Persistent depressive disorder, or dysthymia, is a chronic depression characterized by many of the same symptoms that occur in major depression. Symptoms of dysthymia are less intense and last much longer, at least 2 years.
The symptoms of dysthymia have been described as a "veil of sadness" that covers most activities. Possibly because of the duration of the symptoms, patients who suffer from chronic minor depression do not exhibit marked changes in mood or in daily functioning, although they have low energy, a general negativity, and a sense of dissatisfaction and hopelessness.
DMDD is a newer childhood diagnosis. DMDD is included with depressive disorders because children with DMDD are considered at risk for developing unipolar depression, and anxiety disorders, in adulthood.
The hallmark characteristic of DMDD is severe and recurrent temper outbursts that are far more extreme than typical "temper tantrums." These outbursts occur, on average, three or more times each week for a year or more. In between outbursts, children are persistently angry or irritable nearly every day. A diagnosis of DMDD requires that these outbursts be observed in at least two settings (at home, at school, or with peers).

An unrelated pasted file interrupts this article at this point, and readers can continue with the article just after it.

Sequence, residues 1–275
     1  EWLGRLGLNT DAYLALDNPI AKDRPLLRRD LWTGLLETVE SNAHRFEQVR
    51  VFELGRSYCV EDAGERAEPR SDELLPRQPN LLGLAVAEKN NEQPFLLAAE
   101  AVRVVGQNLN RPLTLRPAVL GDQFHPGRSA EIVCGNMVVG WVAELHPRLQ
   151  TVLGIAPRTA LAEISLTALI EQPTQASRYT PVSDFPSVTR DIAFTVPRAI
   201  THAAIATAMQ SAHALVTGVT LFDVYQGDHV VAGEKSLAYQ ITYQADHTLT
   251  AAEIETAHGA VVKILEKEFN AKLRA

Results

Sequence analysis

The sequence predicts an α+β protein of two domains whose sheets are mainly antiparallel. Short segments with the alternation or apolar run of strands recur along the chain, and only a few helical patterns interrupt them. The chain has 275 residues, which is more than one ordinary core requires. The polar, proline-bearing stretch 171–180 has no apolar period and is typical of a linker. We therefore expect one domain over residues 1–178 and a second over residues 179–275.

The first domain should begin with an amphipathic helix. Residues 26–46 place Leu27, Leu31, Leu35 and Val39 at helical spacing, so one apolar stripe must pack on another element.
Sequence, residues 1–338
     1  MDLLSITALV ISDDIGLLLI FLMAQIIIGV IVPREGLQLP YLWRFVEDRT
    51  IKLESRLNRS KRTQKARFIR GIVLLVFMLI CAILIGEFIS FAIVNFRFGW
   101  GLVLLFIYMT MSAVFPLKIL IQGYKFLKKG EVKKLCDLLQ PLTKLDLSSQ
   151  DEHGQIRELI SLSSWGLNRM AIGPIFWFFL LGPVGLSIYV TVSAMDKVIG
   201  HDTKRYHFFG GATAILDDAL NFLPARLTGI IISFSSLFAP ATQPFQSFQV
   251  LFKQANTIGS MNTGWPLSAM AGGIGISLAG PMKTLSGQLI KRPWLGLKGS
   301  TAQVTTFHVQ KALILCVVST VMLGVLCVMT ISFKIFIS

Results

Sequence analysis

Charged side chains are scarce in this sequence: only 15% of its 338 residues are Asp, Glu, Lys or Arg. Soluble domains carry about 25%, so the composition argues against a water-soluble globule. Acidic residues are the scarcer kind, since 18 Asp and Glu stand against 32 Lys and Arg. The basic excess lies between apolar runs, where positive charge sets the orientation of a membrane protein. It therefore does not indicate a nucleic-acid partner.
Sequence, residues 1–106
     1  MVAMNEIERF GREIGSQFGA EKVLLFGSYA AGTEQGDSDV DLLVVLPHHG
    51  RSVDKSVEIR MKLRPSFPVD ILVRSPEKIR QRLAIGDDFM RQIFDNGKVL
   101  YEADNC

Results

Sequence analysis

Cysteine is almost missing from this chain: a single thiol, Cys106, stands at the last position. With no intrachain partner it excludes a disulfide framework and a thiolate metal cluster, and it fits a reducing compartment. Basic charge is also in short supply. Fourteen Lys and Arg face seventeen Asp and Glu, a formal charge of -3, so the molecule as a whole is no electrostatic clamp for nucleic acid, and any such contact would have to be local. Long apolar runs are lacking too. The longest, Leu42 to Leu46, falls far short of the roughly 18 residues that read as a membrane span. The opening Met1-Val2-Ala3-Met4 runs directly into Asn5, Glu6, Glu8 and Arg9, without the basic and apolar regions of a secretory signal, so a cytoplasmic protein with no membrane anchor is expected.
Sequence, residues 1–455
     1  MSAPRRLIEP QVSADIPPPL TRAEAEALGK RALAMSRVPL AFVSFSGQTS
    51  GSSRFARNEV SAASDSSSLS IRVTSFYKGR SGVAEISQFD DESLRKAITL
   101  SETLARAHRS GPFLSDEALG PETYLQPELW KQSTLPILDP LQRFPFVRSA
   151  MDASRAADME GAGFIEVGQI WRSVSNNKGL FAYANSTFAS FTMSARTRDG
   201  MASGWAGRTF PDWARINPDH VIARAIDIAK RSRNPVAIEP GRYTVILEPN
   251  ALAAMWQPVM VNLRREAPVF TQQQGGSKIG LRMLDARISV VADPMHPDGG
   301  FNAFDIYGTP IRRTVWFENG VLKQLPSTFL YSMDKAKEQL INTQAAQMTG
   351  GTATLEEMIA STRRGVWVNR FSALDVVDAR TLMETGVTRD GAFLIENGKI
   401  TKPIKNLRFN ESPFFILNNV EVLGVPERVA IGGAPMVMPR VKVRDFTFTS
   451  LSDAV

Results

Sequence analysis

A DMDD diagnosis is made for children between the ages of 6 to18 years; symptoms must have started before age 10. Although DMDD shares some similarities with bipolar disorder and oppositional defiant disorder, it is a different and separate illness. In fact, one of the APA's reasons for defining this condition was to prevent children from being misdiagnosed with bipolar disorder.
Premenstrual dysphoric disorder is a type of depression associated with premenstrual syndrome, the days that occur before the onset of menstruation. Symptoms resolve within a few days after the period starts.
Symptoms include mood swings, increased irritability, anxiety, and depression. Patients also experience decreased interest in usual activities, difficulty concentrating, fatigue and lack of energy, overeating and food cravings, oversleeping or insomnia, and a general sense of feeling out of control. Physical symptoms such as breast tenderness, joint and muscle pain, and abdominal bloating are also common.